Directed by Alison Ellwood
As humans, we can often find an odd sense of comfort in the unknown. Perhaps not everybody. Some are terrified of the unknown, they must know all there is to be comfortable. But that wonderful sensation of not knowing everything there is to know about a place, a person, a situation, it gives me a great sense of life, a jolt through my system, a tremendous feeling. Reaching out into the depths of the vast ocean and living life on the edge is how Pipin Ferreras has lived his life as a free diver. When the list of films was released for this film, I was infinitely interested. I have no knowledge of the sport of free diving, or any of its talented, famous athletes who are shown in this film. That bit of unknown if what made it so intriguing.
Pipin was world class in his sport, free diving, which included being rapidly sunk into the blue ocean by a weighted sled, diving to great depths on a single breath. A Cuban by birth, Pipin was a pioneer in the sport, even creating his own rival rules commission when he found the current one to not be to his satisfaction. The sport is dangerous, taking the lives even of a few safety divers, but that comes with the territory of being an extreme sport. I went snowboarding once and got hurt enough to have incredible respect for extreme athletes (I also question their sanity right along with respecting them). To each their own one supposes, passion is passion, and I am always fascinated and enthralled to hear of the passion of another. Tanya Streeter, whose 160m dive is the women’s world record, even calls downhill skiers nuts. But it is the story of another female free diver that director Alison Ellwood is interested in, that of Audrey Mestre, the French wife of Pipin, who tragically died attempting to break Streeter’s record.
I have found through my examination of the ESPN Films catalogue that the vast majority of their documentary films exist as brief summaries of littler known sports events or people, never diving deep enough to fill a whole, completely realized film, but rather enough to educate the audience on something they may have never heard about. Then, every so often, there is a miraculous film that captures the magic of a moment, or of a story. Like the best films of the original 30 for 30 series, and one or two of the subsequent films, No Limits is that miraculous film, managing to be the perfect blend of interesting sports story and compelling human drama, captured together perfectly by director Alison Ellwood, with just enough compassion and inquisition.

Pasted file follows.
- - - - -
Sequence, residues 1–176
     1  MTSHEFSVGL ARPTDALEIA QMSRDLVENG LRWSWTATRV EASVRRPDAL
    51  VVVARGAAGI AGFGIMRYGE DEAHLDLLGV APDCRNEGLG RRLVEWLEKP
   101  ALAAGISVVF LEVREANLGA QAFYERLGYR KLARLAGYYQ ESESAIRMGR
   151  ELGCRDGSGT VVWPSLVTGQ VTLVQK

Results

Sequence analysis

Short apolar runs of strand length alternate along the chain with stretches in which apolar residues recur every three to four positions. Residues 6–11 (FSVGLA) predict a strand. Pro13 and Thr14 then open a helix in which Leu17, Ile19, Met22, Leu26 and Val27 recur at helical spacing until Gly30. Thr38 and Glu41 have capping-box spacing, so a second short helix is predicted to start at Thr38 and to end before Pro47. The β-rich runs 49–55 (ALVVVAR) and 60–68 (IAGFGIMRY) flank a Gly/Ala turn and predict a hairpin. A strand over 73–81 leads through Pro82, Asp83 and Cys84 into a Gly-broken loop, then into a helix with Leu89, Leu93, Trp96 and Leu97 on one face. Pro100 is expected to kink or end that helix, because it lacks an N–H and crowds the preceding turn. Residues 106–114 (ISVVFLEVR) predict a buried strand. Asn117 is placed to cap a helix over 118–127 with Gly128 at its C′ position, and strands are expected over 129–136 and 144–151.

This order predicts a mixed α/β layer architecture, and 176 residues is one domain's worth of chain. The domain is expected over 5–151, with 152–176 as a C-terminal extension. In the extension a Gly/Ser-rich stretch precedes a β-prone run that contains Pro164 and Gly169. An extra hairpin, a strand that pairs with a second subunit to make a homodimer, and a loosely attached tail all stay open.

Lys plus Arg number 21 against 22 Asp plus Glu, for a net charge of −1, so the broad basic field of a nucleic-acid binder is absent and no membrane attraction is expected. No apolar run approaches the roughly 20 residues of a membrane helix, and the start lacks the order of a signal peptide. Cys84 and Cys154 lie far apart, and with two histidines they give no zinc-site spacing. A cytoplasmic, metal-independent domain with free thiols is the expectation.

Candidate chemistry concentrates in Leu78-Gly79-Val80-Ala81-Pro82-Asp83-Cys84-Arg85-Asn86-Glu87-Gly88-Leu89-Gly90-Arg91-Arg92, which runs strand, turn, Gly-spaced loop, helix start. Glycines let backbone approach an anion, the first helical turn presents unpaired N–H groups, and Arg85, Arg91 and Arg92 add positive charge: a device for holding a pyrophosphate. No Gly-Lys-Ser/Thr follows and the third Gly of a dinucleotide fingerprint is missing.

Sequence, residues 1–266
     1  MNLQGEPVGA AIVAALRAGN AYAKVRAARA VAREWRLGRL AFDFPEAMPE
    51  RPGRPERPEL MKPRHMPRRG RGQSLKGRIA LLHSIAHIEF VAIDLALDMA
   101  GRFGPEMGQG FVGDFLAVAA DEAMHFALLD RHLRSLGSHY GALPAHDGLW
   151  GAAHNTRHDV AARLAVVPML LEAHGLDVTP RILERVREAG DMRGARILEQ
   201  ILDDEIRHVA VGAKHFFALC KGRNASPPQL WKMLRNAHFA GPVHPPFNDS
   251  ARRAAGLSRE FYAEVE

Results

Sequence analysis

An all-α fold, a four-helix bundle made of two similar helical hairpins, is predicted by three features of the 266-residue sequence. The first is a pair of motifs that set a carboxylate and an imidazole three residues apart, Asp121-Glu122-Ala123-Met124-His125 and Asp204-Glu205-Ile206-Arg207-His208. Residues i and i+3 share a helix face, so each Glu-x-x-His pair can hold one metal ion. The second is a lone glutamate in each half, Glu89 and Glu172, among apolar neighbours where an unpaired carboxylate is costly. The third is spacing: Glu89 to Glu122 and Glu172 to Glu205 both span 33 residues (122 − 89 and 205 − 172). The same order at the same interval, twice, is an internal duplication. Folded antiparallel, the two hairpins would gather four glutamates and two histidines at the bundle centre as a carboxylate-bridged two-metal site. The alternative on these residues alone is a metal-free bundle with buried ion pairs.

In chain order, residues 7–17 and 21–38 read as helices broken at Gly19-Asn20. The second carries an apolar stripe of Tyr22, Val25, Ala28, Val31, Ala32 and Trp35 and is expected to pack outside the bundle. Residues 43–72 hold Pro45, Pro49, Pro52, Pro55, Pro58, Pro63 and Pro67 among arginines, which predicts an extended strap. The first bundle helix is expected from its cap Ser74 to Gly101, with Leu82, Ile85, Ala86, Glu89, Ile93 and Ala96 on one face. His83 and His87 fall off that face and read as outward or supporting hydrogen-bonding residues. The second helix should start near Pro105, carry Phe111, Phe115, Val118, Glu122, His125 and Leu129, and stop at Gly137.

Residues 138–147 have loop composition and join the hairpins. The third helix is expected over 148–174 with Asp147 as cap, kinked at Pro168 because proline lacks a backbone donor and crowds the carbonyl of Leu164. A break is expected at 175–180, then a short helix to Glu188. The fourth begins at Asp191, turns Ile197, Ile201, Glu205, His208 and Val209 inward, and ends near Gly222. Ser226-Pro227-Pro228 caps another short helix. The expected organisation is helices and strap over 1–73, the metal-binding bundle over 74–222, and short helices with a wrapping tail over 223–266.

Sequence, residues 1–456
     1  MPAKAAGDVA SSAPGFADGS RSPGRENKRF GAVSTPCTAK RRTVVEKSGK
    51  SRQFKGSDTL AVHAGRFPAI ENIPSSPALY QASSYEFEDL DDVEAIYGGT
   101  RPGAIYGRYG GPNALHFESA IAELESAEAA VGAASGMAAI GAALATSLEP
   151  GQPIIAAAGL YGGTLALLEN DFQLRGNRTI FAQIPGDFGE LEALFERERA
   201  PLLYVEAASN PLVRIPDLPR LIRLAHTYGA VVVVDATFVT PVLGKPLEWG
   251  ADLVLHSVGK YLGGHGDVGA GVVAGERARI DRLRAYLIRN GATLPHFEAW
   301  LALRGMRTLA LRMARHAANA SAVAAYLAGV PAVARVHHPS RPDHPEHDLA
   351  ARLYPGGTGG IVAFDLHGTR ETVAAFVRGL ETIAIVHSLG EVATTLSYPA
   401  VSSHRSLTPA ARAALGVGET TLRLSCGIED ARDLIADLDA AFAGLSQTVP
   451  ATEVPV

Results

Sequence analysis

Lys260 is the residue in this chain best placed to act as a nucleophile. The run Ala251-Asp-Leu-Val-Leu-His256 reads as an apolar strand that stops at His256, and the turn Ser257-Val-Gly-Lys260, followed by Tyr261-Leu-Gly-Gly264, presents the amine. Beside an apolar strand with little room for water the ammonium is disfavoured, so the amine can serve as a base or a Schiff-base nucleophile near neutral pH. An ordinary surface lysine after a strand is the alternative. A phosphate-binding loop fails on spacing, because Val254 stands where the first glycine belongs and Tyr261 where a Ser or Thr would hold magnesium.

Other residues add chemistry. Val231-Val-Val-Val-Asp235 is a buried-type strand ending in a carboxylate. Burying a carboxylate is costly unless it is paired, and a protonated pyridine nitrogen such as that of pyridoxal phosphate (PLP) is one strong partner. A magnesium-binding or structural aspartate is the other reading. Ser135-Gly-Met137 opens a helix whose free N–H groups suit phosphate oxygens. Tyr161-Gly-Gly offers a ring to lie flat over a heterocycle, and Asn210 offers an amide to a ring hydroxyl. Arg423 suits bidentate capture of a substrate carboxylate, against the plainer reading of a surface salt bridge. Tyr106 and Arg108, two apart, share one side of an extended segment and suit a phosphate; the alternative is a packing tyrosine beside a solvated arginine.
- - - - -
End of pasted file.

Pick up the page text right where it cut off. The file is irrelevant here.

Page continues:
There are two elements to this story that immediately jumped out at me and impressed me. The first is the compelling human drama of the relationship between Pipin and Audrey. Pipin, much older than Audrey, is shown as being a bit arrogant, always doing things his way. Audrey on the other hand seems much more mysterious, like a beautiful mermaid whom we only get a brief glimpse of before she disappears again into the deep. Almost aiding the film’s mystery is the fact that neither are interviewed for the film. Mestre, of course, because she has passed, but Pipin more due to the mysterious elements surrounding his wife’s death, many of which seem to point to him as either being culpable or directly responsible for her death.
The second element was one of the best, most thrilling sequences the ESPN Films documentaries has managed to produce in its history. When it comes time to document Mestre’s fateful dive, Ellwood pulls out all the stops and gives it to us in real-time, split screen madness, showing us everything while supplementing it with gripping commentary from a few of the safety divers and others who had knowledge of the dive. It is not often in this hour long format that I come across a film that I want more of, that I feel could benefit from even more time spent investigating the story. I was certainly left wanting more at the conclusion of this one, however. I wanted more of the story of Pipin and Audrey. I wanted more about the investigation into her death. No Limits is a thrilling experience, and a great film. I think if it was extended out to 80-90 minutes, it could be even better.
***1/2 – Great